The Good Parenting Food Guide: Managing What Children Eat Without Making Food a Problem
May 2014, Wiley-Blackwell
The Good Parenting Food Guide offers straightforward advice for how to encourage children to develop a healthy, unproblematic approach to eating.
- Explores key aspects of children’s eating behavior, including how children learn to like food, the role of food in their life and how habits are formed and can be changed
- Discusses common problems with children’s diets, including picky eating, under-eating, overeating, obesity, eating disorders and how to deal with a child who is critical of how they look
- Turns current research and data into practical tips
- Filled with practical solutions, take home points, drawings, and photos
Facts and theories 1
1. What is healthy eating? 3
2. How do we learn to like the food we like? 22
3. What does food mean to us and what role does it play in our lives? 37
4. Why are eating habits so hard to change? 52
5. Overweight and obesity: prevalence, consequences, and causes 67
6. Overweight and obesity: prevention and treatments 85
7. Eating disorders: prevalence, consequences, and causes 96
8. Eating disorders: prevention and treatments 116
Tips and reality 133
9. “I don’t have time to cook” 135
10. “My child won’t eat a healthy diet” 161
11. “My child watches too much TV”: tips for being more active 174
12. “My child eats too much” 187
13. “My child won’t eat enough” 196
14. “My child thinks they are fat” 206
15. Take home points 216
Recommended reading 218
Jane Ogden is Professor of Health Psychology at the University of Surrey, UK, and has researched eating behavior, obesity management, and eating disorders for 25 years. She has published over 140 papers and is the author of five books, including The Psychology of Eating: From Healthy to Disordered Behavior, and Fat Chance: The Myth of Dieting Explained. In addition, she has published several articles for a non-academic audience and is a regular contributor to health discussions on the radio and television and in magazines and newspapers. She has two children, and this book is the culmination of 14 years of trying to put her research into practice.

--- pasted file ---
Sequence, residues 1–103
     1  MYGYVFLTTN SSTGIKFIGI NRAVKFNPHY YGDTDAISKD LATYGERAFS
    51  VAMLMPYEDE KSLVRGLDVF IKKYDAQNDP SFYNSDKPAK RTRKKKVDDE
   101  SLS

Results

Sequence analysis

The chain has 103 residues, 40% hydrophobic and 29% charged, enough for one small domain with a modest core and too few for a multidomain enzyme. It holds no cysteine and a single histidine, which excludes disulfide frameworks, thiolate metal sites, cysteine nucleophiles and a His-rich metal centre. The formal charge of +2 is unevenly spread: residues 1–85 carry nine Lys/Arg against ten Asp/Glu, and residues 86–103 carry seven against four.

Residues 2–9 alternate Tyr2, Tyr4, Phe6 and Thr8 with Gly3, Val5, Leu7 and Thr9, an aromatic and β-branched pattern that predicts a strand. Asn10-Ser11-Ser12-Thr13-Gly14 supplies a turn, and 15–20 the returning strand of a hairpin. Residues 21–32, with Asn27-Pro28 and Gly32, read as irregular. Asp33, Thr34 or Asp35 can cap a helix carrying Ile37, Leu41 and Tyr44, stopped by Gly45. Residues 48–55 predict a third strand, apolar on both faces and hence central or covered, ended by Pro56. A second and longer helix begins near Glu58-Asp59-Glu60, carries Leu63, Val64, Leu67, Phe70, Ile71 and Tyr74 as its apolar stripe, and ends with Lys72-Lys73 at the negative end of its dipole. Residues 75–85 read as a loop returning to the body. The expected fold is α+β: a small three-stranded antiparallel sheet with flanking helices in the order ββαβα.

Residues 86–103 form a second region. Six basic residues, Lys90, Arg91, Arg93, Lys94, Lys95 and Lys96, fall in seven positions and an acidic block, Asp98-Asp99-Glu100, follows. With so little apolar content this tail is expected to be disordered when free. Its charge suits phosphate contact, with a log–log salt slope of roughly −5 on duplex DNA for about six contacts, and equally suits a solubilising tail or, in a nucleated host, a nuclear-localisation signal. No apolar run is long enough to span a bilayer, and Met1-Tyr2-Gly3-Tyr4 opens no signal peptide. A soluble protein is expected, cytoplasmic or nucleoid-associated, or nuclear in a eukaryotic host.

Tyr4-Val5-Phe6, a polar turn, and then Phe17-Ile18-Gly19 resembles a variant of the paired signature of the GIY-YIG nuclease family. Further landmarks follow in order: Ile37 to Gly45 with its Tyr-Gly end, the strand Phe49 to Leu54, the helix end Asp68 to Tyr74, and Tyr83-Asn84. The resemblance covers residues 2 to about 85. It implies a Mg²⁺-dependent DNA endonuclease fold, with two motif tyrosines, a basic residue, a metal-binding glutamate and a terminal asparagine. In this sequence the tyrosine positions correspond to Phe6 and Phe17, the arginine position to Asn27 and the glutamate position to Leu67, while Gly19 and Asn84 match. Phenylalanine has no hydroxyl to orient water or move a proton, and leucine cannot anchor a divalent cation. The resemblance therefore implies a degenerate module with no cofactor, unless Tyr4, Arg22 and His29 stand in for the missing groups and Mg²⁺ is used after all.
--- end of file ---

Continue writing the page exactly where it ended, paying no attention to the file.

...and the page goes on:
Giving children a healthy start in life is a fantastic inheritance to pass on. This book tells you how. But it is very unusual. Not only is it full of the latest scientific information, but it is also written by a psychologist who is a mother of two children. This means it is incredibly useful and packed with easy to follow tips and advice as well as authoritative science rather than passing fads. I recommend it strongly.
Stephen Scott FRCP FRCPsych CBE, Director, National Academy for Parenting Research Institute of Psychiatry, Kings's College London
This book understands the challenges today's parents face. It provides in-depth and practical information that will help children grow up with healthy eating habits - and is also an extremely interesting and enjoyable read.
Kim Roberts, Chief Executive, HENRY (Health, Exercise, Nutrition for the Really Young)
Jane Ogden brings her decades of knowledge and expertise together in a clear and accessible way in this important book. This wonderfully practical guide will help parents and families to lead healthier lives in which food plays a valuable role at the heart of the family without leading either to overweight or anxiety.
Prof Harry Rutter, founder, National Obesity Observatory for England